When John Sperling, 91-year old chairman of Apollo Group Inc (APOL.O), calls into meetings at the education company he founded, he opens an iPad app Fuze instead of video conferencing gear installed at his home.
Software crucial for corporate users - such as apps for video conferencing - has started to find its way into Apple's (AAPL.O) iPad and other tablet computers, opening the door to potentially vast demand for tablets from businesses.
"As applications develop and more business apps are rewritten for touchscreens we will see more and more enterprises migrating to tablets," said Canalys analyst Tim Coulling.
Several software firms said they are seeing fast growth in their tablet applications.
"We are seeing rapid adoption of tablets across a lot of highly regulated sectors - from public utilities to financial services, banking and healthcare," said Dimitri Volkmann, vice president for products and markets at Good Technology.
Up to 10 percent of 119 million tablets to be sold this year will be bought by companies, analysts said, but even larger amount will be acquired through increasingly popular buy-your-own-device (BYOD) programs, which allow workers to pick their device, while companies pick up the bill.
"In 2012 it appears that in order to win the enterprise, you need to win the consumer first," said Duncan Stewart, director of TMT research at Deloitte.
This will make it increasingly difficult for Microsoft (MSFT.O) or Research In Motion (RIM.TO) to break into the market where consumers are favoring market-leading iPads and tablets using Google's (GOOG.O) Android software.
Microsoft's to lose
"Microsoft and all its licensees are late to the game, but for all Apple's inroads into enterprise markets, it's still Microsoft's fortress to lose," said John Jackson, analyst at research firm CCS Insight.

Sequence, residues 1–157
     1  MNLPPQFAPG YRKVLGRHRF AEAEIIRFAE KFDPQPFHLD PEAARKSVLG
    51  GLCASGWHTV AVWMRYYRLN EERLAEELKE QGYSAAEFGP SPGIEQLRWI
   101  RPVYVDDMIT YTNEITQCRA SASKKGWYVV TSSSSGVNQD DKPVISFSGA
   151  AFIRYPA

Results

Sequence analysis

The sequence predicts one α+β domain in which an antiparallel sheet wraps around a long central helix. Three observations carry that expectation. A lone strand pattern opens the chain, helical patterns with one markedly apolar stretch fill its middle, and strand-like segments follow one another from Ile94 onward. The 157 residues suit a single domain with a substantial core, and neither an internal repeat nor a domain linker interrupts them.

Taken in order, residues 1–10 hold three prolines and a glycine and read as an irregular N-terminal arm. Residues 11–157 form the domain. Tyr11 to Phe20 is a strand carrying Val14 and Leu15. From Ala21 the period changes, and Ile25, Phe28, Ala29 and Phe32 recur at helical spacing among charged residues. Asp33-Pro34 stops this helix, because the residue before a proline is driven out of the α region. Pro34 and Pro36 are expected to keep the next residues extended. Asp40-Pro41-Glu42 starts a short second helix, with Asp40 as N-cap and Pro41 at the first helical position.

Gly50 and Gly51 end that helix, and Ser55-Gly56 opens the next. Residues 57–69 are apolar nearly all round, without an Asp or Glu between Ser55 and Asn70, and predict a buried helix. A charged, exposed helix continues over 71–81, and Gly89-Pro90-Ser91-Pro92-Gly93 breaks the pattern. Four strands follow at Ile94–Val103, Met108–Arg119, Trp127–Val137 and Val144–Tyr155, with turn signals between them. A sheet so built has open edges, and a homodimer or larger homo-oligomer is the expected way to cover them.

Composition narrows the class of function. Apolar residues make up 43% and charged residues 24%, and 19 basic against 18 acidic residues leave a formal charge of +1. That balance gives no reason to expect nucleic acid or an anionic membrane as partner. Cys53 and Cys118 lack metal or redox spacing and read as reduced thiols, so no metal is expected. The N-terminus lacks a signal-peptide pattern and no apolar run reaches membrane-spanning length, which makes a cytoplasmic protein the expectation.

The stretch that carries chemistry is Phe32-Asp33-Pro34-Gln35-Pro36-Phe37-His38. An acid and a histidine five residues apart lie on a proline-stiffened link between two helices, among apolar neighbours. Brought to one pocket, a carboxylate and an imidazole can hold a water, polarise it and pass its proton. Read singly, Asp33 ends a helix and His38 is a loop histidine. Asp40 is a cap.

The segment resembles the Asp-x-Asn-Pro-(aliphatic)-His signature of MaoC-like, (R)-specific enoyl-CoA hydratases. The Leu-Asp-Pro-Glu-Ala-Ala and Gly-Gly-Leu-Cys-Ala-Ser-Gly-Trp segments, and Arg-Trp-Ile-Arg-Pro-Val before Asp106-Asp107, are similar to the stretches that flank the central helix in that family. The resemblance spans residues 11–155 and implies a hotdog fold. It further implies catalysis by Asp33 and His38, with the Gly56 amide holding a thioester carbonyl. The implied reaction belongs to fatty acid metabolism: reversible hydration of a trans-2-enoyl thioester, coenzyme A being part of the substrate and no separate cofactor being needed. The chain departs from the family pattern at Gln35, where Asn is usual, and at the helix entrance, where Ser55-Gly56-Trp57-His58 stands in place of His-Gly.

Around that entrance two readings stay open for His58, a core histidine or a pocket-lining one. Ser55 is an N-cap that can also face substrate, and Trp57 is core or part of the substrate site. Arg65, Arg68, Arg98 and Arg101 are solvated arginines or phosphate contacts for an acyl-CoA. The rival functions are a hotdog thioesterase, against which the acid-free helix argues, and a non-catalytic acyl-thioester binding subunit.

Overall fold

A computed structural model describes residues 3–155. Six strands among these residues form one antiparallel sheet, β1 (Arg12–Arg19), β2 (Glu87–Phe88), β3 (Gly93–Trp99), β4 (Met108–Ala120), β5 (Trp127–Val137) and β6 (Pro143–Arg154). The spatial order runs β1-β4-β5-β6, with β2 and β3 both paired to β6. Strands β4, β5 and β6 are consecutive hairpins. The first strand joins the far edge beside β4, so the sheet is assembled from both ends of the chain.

Research firm Gartner forecast on Tuesday limited success for Microsoft's high-profile push into the tablet industry with its Windows 8 platform, with the U.S. software maker remaining a distant No. 3 behind Apple and Google.
In addition to traditional PC makers, Nokia (NOK1V.HE), the world's largest cellphone maker by volume, is set to unveil its first tablet using Windows 8 software later this year.
Gartner said it expected corporate purchases to boost Microsoft's market share to rise gradually from 4 percent this year, but to reach just 11.8 percent in 2016 as it lacks consumer appeal.
This compares to Apple's share of 61 percent this year, and Android's 32 percent. Analysts said Apple's share of corporate market was likely even larger as many firms have shied away from using Android tablets due to fears over their security.
The share of tablets sold into enterprises, directly or through buy-your-own-device programs, will rise to around 35 percent by 2015, Gartner said, with direct sales making a minority.
"This poses a big threat to vendors that thought about focusing on the enterprise market who will now have to become appealing to consumers as well," said Gartner analyst Carolina Milanesi.
Corporate application developers are increasingly seeing Windows 8 as the third platform.
FuzeBox, creator of the Fuze video conferencing app that Apollo's John Sperling and 2.5 million others are using, has started to work on a version for Windows 8, but it has dropped Blackberry due to its declining influence.
Apollo Group managers learned to use remote meetings with their traditional video conferencing equipment, which cost them more than $1 million: today they pay a fraction of that.